Black-and-white photos by Kari Pekonen documented Rauni Mollberg’s colour film adaptation of The Unknown Soldier.
In July 1941, somewhere between the lakes of Tohmajärvi and Ladoga, a machine gun company lies still among the pines, waiting for the order to attack. The first battle, the baptism of fire depicted in the novel The Unknown Soldier by Väinö Linna, is about to begin. The novel was published in 1954 amidst controversy, making Linna a national writer.
In June 1984, Private Vanhala (Tero Niva) is standing about in the sunny pine forest, waiting. Next to him, Corporal Hietanen (Pirkka-Pekka Petelius) is leaning against a tree, waiting. About fifty men are lying on the ground in the wetlands, waiting. The wetlands and the hill in front of them are charged with explosives. A fire engine has been called on-site to watch the film crew’s back. The filming of The Unknown Soldier by Rauni Mollberg at the practice range of the Niinisalo Garrison in Kankaanpää was the first major photography job for press photographer Kari Pekonen, b. 21 September 1959.
“This is common for both war and filmmaking: first you wait, and then you press on like hell for a while,” says assistant director Seppo Heinonen in an article in the Iltalehti evening paper on 8 June 1984. A full spread was reserved for the photos and the article in the paper’s weekend issue. The film premiered on Finnish Independence Day in 1985.
Mollberg’s adaptation is often compared to Edvin Laine’s 1955 film adaptation of the same book. Battle-hardened soldiers compared their experiences to the book and the films. Fact and fiction, films, theatre adaptations and photos intertwine to form a cross-generational experience shared by a nation.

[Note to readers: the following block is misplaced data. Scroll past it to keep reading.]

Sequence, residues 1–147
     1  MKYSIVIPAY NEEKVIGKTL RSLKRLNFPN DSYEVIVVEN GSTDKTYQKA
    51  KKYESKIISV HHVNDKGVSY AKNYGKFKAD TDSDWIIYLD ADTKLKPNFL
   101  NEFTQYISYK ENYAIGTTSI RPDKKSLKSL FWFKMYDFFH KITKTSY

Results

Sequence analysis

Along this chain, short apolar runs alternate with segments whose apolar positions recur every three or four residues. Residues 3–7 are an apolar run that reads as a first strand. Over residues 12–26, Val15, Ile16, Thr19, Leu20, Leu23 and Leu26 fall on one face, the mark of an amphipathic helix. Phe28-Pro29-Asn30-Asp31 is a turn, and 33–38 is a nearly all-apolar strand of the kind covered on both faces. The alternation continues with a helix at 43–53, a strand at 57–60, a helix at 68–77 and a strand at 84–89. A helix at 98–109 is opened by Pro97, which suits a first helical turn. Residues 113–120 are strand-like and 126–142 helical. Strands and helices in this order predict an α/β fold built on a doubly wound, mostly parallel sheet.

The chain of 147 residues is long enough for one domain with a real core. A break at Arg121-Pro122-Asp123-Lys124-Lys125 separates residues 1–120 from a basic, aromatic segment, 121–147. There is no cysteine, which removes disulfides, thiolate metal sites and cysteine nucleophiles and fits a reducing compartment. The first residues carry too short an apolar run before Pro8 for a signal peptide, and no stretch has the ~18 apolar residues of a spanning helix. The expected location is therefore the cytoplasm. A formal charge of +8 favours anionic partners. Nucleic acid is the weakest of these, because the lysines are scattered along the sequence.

The black-and-white photos by Pekonen document a film shot in colour. “I tried to capture moments and avoid posing,” Pekonen says.
Mollberg is relaxing in the middle of the woods, surrounded by his crew. ”He’ll taunt others, grouch, lie in the wetlands, verbally tear slackers to pieces, joke, act like a loving father or an angry boss, pass water in the thicket, pace around nervously,” journalist Jorma J. Mattila writes in Iltalehti.
Pekonen says that, for a moment, he ended up alone with the director he admired. “After an awkward silence, I told him I had rather liked the film Siunattu hulluus directed by him. Mollberg smiled wryly at me. Some kind of ice was broken right away.”
Finally, a cloud floats in front of the sun. “Sound! Camera! Action!” Mollberg shouts. The silent forest is filled by rattling and crackling. Turf is flying high and the smoke stings the eyes. A deathly silence falls again.
After seeing the proofs of the photos taken at the filming location, artist professor and head of photography of the Uusi Suomi magazine Seppo Saves invited Pekonen to the Jäävuori 2 exhibition of the Finnish Society of Photographic Arts’ young photographers, held at photo gallery Hippolyte in Helsinki in 1985. “I suppose that job was also my ticket from photo technician to press photographer,” Pekonen says.
More press photos of the filming of The Unknown Soldier are available on the website of the Press Photo Archive (JOKA): https://museovirasto.finna.fi/joka.
Text: Raija Linna
Director Rauni Mollberg taking a break from shooting. Photo: Kari Pekonen / Uusi Suomi – Iltalehti / Press Photo Archive JOKA (JOKAUS3N01A:2)
Tero Niva (playing Vanhala; on the left) and Pirkka-Pekka Petelius (playing Hietanen) filming the film The Unknown Soldier by Rauni Mollberg in Niinisalo on 6 June 1984. Photo: Kari Pekonen / Uusi Suomi – Iltalehti / Press Photo Archive JOKA (JOKAUS3N01A:9)